HBSD

1x/d, 10 pm-6 am

2

Yes

handles, walls, mirrors, floors, fourth floor)

 

 

 

 

 

 

 

Wrestling room: walls (mats attached to walls

HBSD

1x/d, 10 pm-6 am

No

HBSD

1x/d, 10 pm-6 am

4

No

to 4' [1.2 m])

 

 

 

 

 

 

 

Wrestling room: mats (flooring, seam tape can

HBSD

3x/d, 11 am-12

No

HBSD

2x/d, 2-4 pm,

2

No

be replaced by athletic department as

 

pm,

 

 

10 pm-6 am

 

 

needed because of cleaning processes);

 

2-4 pm, 10 pm-

 

 

 

 

 

major/most thorough cleaning overnightb

 

6 am (2 x/d Sat and Sun)

 

 

 

 

 

Wrestling weight room (fourth floor, where

HBSD

1x/d, 10 pm-6 am

No

HBSD

1x/d, 10 pm-6 am

1

No

bodies touch equipment: benches, grips)

 

 

 

 

 

 

 

Wrestling room: treatment/ taping tables

HBSD

1x/d, 10 pm-6 am

No

HBSD

1x/d, 10 pm-6 am

0.5/area

No

Wrestling support areas (main stairs, rear

HBSD

1x/d, 10 pm-6 am

Yes

HBSD

1x/d, 10 pm-6 am

1

Yes

stairs, public area spaces)

 

 

 

 

 

 

 

Steam room, sauna room (walls, benches,

HBSD

1x/d, 10 pm-6 am

No

HBSD

1x/d, 10 pm-6 am

1

No

flooring, even if a wood/porous surface)

 

 

 

 

 

 

 

Carpeting: extracting (locker room, weight

NA

Monthly night shift

No

NA

2x /off season as

30

No

room, fifth floor adjunct workout area)

 

floor crewc

 

 

arranged

 

 

Carpeting: vacuuming (locker room, weight

NA

1 x/d, 11 am-12

Yes

NA

1x/d, 11 am-12 pm

1

Yes

room, fifth floor adjunct workout area)

 

pm

 

 

 

 

 

Abbreviations: HBSD, hospital broad-spectrum disinfectant (bactericide, fungicide, and virucidal efficacy); NA, not applicable. a Club activities (nonwrestling) occur 2 to 3 days per week and may affect the cleaning schedule. b Additional cleaning because of summer wrestling camps at additional cost to athletic department. c Spot clean as needed between monthly cleanings.

The following sections provide literature support for fungal, viral, and bacterial infections. Background information, clinical features, diagnosis, treatment, prevention, and guidelines for return to competition will be presented for each of the infectious agents.

FUNGAL INFECTIONS

Dermatophytes (fungal organisms living in soil, on animals, or on humans124) include a group of fungi that infect and survive mostly on dead keratin cells in the stratum corneum of the epidermis. The infectious organisms responsible for fungal infections are typically from the Trichophyton genus.61 Specifically, Trichophyton tonsurans and Trichophyton rubrum are most often associated with tinea capitis and tinea corporis, respectively.61,125,126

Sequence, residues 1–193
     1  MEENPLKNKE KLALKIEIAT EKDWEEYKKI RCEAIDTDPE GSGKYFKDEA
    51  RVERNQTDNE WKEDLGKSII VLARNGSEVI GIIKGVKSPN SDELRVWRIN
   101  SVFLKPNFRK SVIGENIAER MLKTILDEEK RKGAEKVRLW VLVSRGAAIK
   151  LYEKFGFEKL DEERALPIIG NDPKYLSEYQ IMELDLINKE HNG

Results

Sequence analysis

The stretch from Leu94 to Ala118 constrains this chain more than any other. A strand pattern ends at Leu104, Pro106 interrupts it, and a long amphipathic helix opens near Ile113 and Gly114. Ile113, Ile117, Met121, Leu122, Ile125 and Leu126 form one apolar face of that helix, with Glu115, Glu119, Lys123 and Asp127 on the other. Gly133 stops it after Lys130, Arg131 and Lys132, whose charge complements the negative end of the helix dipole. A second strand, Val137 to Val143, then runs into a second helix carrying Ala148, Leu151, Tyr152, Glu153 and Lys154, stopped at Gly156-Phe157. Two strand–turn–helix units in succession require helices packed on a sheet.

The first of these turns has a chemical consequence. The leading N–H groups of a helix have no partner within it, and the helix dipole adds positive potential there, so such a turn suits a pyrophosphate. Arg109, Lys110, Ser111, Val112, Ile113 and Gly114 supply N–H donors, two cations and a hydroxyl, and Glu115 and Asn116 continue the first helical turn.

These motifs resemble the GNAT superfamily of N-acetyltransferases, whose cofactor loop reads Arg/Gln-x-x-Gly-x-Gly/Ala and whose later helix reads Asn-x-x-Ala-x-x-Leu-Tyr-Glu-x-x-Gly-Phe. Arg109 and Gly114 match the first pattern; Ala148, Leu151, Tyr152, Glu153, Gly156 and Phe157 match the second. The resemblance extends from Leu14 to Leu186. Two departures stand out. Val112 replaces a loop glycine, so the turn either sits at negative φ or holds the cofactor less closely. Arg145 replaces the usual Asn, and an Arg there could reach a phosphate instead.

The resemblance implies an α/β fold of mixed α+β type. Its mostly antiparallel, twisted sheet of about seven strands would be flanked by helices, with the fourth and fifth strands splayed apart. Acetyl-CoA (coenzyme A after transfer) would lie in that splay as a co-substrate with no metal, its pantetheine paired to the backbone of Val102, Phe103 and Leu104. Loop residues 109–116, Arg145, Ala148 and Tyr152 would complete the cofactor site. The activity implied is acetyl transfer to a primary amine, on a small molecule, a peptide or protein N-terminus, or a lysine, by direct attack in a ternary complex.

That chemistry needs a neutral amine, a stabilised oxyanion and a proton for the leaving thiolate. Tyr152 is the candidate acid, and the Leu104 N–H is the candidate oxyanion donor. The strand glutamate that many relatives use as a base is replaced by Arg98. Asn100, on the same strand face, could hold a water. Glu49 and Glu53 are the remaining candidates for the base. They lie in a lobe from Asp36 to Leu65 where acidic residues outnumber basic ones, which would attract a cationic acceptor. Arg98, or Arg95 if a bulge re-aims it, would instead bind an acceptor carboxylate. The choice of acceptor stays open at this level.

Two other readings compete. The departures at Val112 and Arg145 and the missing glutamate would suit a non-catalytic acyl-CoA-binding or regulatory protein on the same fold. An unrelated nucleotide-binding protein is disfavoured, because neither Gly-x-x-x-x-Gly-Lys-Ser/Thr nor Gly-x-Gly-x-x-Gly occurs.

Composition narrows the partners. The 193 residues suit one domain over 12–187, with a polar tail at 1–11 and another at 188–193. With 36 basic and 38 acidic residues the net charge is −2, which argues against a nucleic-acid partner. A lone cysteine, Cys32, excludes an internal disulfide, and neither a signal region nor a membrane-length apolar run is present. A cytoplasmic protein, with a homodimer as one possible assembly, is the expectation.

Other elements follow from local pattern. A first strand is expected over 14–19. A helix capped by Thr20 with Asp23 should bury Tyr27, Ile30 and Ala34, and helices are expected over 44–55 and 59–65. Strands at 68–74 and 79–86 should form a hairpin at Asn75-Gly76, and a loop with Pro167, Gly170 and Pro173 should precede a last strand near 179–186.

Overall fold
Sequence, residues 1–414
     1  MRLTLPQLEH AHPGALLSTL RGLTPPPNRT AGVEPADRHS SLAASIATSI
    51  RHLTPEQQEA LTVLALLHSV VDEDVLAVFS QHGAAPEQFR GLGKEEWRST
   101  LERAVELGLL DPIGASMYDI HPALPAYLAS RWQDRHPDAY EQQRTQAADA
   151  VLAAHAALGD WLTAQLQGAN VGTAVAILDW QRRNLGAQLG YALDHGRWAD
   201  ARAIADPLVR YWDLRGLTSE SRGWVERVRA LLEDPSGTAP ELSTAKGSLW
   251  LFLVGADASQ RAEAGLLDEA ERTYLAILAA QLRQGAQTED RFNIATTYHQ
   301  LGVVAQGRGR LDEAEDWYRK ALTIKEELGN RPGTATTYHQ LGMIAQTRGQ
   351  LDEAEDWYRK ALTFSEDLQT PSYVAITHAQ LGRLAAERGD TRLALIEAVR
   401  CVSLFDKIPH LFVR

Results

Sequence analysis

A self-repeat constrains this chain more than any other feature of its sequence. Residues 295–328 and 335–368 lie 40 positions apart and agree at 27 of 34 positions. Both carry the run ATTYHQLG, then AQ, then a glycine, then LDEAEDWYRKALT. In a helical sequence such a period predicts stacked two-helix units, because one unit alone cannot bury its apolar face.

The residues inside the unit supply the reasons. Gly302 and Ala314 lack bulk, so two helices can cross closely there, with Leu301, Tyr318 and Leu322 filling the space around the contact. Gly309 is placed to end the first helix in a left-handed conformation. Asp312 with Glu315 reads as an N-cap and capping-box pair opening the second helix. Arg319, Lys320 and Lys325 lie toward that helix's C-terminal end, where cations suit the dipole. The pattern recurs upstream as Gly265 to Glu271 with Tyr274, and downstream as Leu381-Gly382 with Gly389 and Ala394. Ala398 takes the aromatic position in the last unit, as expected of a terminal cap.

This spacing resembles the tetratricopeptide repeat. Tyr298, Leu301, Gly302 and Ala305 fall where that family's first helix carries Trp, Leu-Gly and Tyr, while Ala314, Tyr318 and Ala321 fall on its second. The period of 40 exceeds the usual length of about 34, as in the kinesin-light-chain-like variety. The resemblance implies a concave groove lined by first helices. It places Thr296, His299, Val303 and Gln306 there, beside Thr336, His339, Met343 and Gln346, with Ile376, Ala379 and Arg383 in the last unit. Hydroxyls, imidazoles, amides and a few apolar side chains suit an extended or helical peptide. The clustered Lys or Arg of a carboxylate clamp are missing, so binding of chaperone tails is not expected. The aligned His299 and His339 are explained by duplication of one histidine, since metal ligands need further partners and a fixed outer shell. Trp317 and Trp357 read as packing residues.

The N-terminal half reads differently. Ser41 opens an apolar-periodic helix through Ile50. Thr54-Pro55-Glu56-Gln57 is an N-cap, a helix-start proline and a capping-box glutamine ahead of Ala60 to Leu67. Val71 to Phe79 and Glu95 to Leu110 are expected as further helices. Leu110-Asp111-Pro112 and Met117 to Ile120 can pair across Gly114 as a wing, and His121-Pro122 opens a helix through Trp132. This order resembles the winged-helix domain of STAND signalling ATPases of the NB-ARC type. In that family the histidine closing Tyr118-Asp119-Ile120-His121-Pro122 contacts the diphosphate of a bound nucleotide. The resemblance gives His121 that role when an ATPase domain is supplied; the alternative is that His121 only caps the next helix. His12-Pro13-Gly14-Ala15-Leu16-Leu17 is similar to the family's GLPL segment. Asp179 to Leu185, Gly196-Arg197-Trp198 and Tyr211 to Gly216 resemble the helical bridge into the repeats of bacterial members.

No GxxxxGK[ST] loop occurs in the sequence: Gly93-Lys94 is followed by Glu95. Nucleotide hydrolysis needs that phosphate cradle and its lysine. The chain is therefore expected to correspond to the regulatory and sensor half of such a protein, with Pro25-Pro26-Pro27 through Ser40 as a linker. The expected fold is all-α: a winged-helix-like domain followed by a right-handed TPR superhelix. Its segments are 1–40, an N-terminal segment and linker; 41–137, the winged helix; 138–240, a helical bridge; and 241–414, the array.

Background

Chronic perspiration and the macerating affect of abrasive trauma contribute to the successful penetration of ubiquitous fungal elements, particularly in warm, moist areas such as the toe webs, inguinal creases, and axillary folds. In contact sports, the skin-on-skin contact of the participants and abrasions, both clinical and subclinical, also lend themselves to the passage of fungal infections from one athlete to the next. Dermatophyte infection can be manifested in many ways. Infections on the face and head are called tinea capitis, infections on the body are termed tinea corporis, infections in the groin are called tinea cruris, and infections of the feet are called tinea pedis.57,124

A number of authors107-125-127-130 have researched the epidemiologic considerations of this widespread cutaneous problem among athletes.

The most common dermatophyte infection is tinea pedis, with prevalence rates ranging from 25% to 70% over the life span.127-129 A review of 10 recent reports has presented information on athletic teams infected with tinea cor-poris.125 As would be expected, the rates varied greatly from one group to another, depending in part upon the method of fungal identification and the fact that a certain level of penetration of infection into the team was necessary to identify the team for study. Certainly athletic teams at all levels of competition have no evidence of fungal infection. The rates of incidence of infection in the reported studies ranged from 20% to 77%. One overview128 performed in the mid-1980s indicated that 60% of college wrestlers and 52% of high school wrestlers demonstrated tinea infections at some time during the course of the season. Other investigators have reported that 84.7% of high school wrestling teams had at least 1 wrestler with tinea corporis131 and 95% of a Swedish club wrestling team exhibited cutaneous findings consistent with tinea infection, with 75% of those demonstrating positive cultures for T tonsurans.130